3 Basic Steps to Exchange Server Security

If communication is the lifeblood of an organization, it could be fair to assume that Exchange functions is its heart. An Exchange server, especially one that hosts the mailbox server role, stores messages – both external and internal. An attacker that gains administrative access to Exchange deployment can also gain access to all stored communication and to every user’s mailbox. Having access to email messages stored on an Exchange mailbox server, the attacker would be able to learn almost everything about the organization, from its most important secrets through to mundane trivia.

Messages stored in individual mailboxes often include attachments; many organizations use Exchange public folders to store important documents. When considering Exchange security, remember that attacks won’t just come from people outside the organization: internal threats, even from Exchange administrators, are to be kept in mind. Securing Exchange involves more than hardening it against an outside attack. It means making sure that the number of trusted insiders is limited so they only have access to the information and components required to perform their jobs, and tracked so that each of their actions can be reconstructed, should an investigation be necessary.

There are several steps an organization can take to make Exchange more secure. These three seem to be a must.

1. Limit the number of people who have access to accounts with administrative privileges and ensure that those accounts are protected with strong authentication technologies, such as smart cards or a two-factor authentication.

2. Configure a built-in Role Based Access Control (RBAC) functionality. RBAC allows organizations to limit the actions an administrator can perform and the scope across which those actions can be performed. For example, rather than giving the permission to perform a mailbox search to all Exchange administrators, it is possible to grant this permission only to some trusted members from the organization’s HR department: they are the people who would ultimately be required to check the contents of mailboxes when performing investigations into employee’s actions. RBAC allows any ability to be limited to a specific scope. This means that when granting someone from the HR the ability to scan mailboxes, this ability will be limited to a specific set of mailboxes, rather than all mailboxes in the organization.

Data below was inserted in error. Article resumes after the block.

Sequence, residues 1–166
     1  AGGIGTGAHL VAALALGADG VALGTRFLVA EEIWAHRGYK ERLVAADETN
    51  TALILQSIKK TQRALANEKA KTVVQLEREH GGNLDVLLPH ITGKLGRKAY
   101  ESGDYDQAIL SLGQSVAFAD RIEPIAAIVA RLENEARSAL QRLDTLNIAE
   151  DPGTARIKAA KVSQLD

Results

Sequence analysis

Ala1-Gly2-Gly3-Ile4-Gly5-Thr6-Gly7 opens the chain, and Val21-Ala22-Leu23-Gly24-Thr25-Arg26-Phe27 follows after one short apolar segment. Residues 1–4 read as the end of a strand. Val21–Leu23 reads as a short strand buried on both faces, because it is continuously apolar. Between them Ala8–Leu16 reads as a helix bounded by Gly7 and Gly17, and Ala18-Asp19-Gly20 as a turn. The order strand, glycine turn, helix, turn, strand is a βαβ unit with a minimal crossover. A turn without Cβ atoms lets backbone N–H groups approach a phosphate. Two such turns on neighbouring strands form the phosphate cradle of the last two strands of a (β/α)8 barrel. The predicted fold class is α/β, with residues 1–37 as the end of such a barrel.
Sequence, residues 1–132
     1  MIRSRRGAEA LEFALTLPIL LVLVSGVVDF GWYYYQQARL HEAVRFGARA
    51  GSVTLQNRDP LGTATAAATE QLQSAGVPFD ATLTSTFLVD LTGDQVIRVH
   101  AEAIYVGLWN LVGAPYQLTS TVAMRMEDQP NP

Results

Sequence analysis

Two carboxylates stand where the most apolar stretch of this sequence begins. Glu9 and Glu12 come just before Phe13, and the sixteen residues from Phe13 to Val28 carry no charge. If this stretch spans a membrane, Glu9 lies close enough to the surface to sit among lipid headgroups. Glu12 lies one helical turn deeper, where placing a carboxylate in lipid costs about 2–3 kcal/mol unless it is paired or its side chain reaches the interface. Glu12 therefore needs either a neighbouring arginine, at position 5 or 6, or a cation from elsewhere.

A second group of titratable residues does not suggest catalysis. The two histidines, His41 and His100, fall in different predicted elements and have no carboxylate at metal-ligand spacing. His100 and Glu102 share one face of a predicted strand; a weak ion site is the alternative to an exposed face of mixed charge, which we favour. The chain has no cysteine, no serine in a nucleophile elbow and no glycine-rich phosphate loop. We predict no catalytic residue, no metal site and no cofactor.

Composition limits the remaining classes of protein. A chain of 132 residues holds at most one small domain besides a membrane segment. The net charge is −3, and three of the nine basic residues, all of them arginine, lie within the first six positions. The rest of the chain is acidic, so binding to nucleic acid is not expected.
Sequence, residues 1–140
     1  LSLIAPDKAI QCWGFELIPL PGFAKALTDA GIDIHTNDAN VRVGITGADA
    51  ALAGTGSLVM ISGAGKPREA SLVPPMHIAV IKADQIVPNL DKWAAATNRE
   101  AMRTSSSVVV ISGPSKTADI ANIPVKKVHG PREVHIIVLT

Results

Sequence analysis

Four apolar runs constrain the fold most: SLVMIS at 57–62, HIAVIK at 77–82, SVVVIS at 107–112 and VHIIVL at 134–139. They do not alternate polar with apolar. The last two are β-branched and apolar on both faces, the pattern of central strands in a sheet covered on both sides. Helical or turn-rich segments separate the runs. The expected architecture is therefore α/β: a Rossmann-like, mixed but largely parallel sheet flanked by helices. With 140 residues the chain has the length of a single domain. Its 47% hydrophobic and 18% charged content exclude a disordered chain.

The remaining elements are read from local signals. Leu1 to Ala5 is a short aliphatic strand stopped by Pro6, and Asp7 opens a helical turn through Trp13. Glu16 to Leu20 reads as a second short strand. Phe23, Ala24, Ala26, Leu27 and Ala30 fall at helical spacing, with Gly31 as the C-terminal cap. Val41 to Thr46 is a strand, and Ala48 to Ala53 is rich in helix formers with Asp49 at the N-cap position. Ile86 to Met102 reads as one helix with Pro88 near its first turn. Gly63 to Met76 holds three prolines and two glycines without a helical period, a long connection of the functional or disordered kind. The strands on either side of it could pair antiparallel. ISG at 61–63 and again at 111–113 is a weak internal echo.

3. The third step is to configure extensive auditing. Having a record of each action taken by an Exchange administrator allows an organization to reconstruct what has happened when a breach occurs or something goes wrong. Additionally, when privileged users know that their actions are being saved to a tamper proof log, they are less likely to perform actions that they might later have to explain to a superior.


Orin is an MVP, an MCT and has a string of Microsoft MCSE and MCITP certifications. He has written more than 30 books for Microsoft Press on topics including Windows Server, Windows Client, System Center, Exchange Server, Security, and SQL Server. He is an author at PluralSight and is a contributing editor at Windows IT Pro magazine. He has been working in IT since the early 1990's and regularly speaks at conferences in Australia and around the world. Orin founded and runs the Melbourne System Center, Security, and Infrastructure Group.